Upgrading My $1 Mossberg 500

Years ago I won a Mossberg 500A 12 gauge shotgun in a raffle held by a local police department auxiliary. The entry fee was $1 and I paid it with change in my pocket. The shotgun was in a woodland camo and came with both a 18.5″ improved cylinder barrel and a 20″ barrel with rifle sights. This shotgun sat in a box for years until just recently when I decided to upgrade it for a home defense shotgun.

My first step was taking it apart (thank you YouTube!) and giving it a deep cleaning. The barrel had a bit of rust on the outside of it so with a mix of sandpaper and rust remover I cleaned it up. I used Birchwood Casey’s Gun Scrubber Synthetic Safe Cleaner on all the parts to remove dirt, fouling, and old grease. I then scrubbed the bore of the barrel until it shone like a mirror.

My next steps were to decide if I wanted to replace the follower, to add a picatinny rail, to add a red dot sight, whether to make it compatible with mini-shells, and to upgrade the follower spring. Once I decided to upgrade the stock Mossberg follower I had a number of choices to make. Delrin plastic or aluminum? Lime green or any number of anodized options? It came down to the lime green Delrin  follower from S&J Hardware and the aluminum anodized one from NDZ Performance. I eventually decided on the S&J follower because it seemed “slicker”. If I was also going to replace the thumb safety, I might have gone with a NDZ combo package. However, the existing safety seems perfectly adequate.

S&J Hardware Delrin follower – picture from their website.

I had planned to replace the existing spring with a Wolff Extra Power magazine spring. Indeed, I actually bought one. However, it was so strong that it was near impossible to get it installed. I finally gave up and stayed with the stock spring. I may eventually switch but I think the stock spring will work for now.

The brass bead on the 18.5″ barrel would have been perfectly adequate. I had toyed with adding the XS Sights big dot sight but decided a red dot would work better in the long run. I got a UTG picatinny rail from Amazon along with a certified refurbished Bushnell TRS-25 red dot sight. I have used the Bushnell sight on a Ruger 10/22 and on an AR-15 pistol. I was concerned whether it would hold up to the shock of a shotgun round but was assured in an email from Bushnell that it would do fine with 2.75″ shells.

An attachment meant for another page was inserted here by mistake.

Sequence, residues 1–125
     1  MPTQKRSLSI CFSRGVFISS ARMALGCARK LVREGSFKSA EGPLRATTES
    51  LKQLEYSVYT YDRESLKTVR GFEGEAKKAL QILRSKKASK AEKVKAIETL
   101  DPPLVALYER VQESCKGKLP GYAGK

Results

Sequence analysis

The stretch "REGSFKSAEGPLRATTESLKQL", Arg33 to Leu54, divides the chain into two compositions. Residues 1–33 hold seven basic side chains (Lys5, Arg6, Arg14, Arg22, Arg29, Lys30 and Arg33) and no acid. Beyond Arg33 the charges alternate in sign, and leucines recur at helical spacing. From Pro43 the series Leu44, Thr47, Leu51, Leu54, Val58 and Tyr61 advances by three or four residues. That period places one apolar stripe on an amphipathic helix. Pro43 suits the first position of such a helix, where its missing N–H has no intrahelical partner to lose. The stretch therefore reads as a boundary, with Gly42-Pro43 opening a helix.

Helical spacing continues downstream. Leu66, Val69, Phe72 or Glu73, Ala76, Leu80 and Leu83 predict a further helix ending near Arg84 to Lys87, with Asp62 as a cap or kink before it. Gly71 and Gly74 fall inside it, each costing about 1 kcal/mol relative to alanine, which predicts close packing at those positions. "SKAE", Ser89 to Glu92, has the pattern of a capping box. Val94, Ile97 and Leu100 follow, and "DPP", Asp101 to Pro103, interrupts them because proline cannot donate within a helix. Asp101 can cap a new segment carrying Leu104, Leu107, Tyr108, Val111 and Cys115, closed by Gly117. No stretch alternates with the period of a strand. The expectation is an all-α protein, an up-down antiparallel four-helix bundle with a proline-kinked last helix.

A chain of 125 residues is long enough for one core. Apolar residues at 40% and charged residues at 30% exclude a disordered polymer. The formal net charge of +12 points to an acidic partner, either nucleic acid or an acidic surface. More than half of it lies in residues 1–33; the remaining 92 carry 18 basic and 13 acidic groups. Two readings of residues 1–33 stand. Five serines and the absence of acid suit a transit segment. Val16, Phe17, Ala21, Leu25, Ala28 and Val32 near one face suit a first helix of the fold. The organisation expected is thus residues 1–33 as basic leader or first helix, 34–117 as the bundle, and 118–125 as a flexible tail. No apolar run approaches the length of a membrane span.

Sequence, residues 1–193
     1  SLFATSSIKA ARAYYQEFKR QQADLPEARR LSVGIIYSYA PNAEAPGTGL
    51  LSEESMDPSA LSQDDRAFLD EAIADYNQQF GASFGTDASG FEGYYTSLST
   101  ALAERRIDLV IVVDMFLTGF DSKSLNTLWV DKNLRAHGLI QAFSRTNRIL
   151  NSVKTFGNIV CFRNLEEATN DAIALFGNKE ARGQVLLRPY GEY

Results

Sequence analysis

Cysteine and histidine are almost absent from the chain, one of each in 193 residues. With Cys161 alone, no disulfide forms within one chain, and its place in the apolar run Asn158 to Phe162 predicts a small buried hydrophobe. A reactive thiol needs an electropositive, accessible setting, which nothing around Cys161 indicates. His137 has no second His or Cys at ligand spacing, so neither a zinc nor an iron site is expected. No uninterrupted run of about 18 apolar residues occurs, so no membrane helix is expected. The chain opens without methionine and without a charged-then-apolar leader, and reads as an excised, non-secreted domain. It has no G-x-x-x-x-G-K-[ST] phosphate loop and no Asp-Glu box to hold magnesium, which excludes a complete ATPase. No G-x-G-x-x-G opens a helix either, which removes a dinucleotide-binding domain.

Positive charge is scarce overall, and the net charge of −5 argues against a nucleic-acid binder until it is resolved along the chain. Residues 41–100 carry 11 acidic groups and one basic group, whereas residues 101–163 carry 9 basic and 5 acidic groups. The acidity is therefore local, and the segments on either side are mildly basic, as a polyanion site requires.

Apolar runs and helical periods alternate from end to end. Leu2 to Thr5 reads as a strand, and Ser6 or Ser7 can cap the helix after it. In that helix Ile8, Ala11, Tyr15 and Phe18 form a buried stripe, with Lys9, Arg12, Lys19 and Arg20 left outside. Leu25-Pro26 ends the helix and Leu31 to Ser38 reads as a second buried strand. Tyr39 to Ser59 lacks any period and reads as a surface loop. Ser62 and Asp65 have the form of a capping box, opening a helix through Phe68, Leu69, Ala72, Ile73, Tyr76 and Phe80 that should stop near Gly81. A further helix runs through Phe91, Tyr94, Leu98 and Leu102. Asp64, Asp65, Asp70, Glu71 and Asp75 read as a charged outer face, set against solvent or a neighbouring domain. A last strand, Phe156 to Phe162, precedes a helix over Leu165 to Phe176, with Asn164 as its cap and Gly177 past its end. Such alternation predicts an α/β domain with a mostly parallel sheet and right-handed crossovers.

As I intend to give 1 3/4″ mini-shells a try, I bought an OPSol Miniclip 2.0 Flex directly from OPSol Texas. Every review, written and video, agreed that the OPSol Miniclip was the way to go. The Miniclip is a little rubber doo-dad that can be slipped in and out of the shotgun to let the mini-shells feed.

After going to all the trouble to update the internals of the Mossberg 500, it would have been a shame to ignore the exterior. Remember I had to sand some rust off the barrel. I went back and forth on a number of camo patterns and eventually settled on a modified tiger stripe. It would be easy to do using spray paint and blue painters tape.

I had planned to just use black and olive drab for the tiger stripe pattern. I decided to modify it a bit by using a light olive as an accent to the black stripes. These were done using a pair of fishnet pantry hose, more blue tape, and the lighter olive spray paint.

 As you can see in pictures below, I think it came out nicely. I did go over the finished paint job with two coats of a matte finish sealer.

And a closer detail picture of the modified tiger stripe camo.

The blue tape is, obviously, still on the safety and the pump rails. I want to let the sealer cure overnight before removing it.

All that is left to do is mount the picatinny rail and red dot as well as reassemble the internals of the shotgun. That and to take it to the range for testing!

This was a fun project that didn’t cost that much money. Everything all told was less than $100 and will make this old Mossberg 500 much improved.

4 thoughts on “Upgrading My $1 Mossberg 500”

  1. I did a fun camo on an M-14 stock by walking out to the local maple tree and grabbing some leaves. Laid them on the stock and hit it with the spray. I liked it better than tape because I got the leaf pattern but it was a bit fuzzy. Tape comes across as too sharp for a camo pattern IMO.

    1. I've seen camo jobs done like that as well as using grass and ferns. I think if I had a airbrush I might have done more to blur the edges.

  2. I won a Belgium Browning BAR in 7mm Remington Mag. at a Civil Air Patrol Gun show in Grant's Pass, Oregon in 1988 with two 1 dollar tickets.
    Somebody did a fine job of picking out a beauty of a stock on it.
    I don't think I'll be doing a rattle can job on it. The gun has gotten me some nice game over the years.
    But I do have a few Far'rms with plastic stocks, that could use a bit of spray paint and creativity. I'll get to that just as soon as I'm done with the 45 or 90 other little projects I want/need to do.

    1. I don't think I'd be painting a Belgium Browning BAR either! However, the Mossberg that I won was used and had plastic stocks. I understand about the multitude of other projects!

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